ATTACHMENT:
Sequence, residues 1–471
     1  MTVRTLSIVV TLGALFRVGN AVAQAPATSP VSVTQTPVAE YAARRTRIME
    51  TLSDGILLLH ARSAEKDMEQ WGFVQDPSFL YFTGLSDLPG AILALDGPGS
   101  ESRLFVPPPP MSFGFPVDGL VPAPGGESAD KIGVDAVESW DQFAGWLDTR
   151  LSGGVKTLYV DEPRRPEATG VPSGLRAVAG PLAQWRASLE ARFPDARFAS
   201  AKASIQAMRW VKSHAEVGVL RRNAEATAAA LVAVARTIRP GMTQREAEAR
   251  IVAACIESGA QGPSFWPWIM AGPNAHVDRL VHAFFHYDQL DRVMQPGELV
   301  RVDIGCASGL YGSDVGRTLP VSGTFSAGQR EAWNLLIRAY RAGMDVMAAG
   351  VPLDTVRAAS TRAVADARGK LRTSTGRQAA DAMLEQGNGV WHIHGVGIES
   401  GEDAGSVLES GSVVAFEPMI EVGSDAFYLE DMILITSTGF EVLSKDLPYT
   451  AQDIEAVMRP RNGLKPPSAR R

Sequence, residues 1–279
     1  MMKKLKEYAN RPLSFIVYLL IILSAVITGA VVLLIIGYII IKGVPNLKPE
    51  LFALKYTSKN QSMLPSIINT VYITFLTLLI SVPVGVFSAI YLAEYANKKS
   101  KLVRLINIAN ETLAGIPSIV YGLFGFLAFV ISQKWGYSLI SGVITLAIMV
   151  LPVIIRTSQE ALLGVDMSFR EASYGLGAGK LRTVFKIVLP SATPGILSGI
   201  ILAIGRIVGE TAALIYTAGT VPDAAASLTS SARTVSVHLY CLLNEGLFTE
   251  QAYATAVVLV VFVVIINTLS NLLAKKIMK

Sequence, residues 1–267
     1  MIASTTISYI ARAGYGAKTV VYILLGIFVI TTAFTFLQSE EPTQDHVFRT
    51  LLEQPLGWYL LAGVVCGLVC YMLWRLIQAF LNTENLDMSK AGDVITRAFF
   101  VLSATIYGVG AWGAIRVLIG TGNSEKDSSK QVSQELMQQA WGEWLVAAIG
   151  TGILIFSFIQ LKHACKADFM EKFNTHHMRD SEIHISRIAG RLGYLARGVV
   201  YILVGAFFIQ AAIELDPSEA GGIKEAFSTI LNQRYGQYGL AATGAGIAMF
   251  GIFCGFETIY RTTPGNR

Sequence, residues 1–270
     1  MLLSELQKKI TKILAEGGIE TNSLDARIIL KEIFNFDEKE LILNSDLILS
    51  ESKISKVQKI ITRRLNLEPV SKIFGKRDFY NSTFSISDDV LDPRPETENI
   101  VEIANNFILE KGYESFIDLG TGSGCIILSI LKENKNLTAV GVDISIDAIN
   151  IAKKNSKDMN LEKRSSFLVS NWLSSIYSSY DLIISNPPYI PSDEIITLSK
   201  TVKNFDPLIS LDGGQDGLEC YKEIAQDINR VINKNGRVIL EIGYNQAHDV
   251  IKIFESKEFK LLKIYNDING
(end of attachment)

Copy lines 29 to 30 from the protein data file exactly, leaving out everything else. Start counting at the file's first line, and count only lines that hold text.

   101  VEIANNFILE KGYESFIDLG TGSGCIILSI LKENKNLTAV GVDISIDAIN
   151  IAKKNSKDMN LEKRSSFLVS NWLSSIYSSY DLIISNPPYI PSDEIITLSK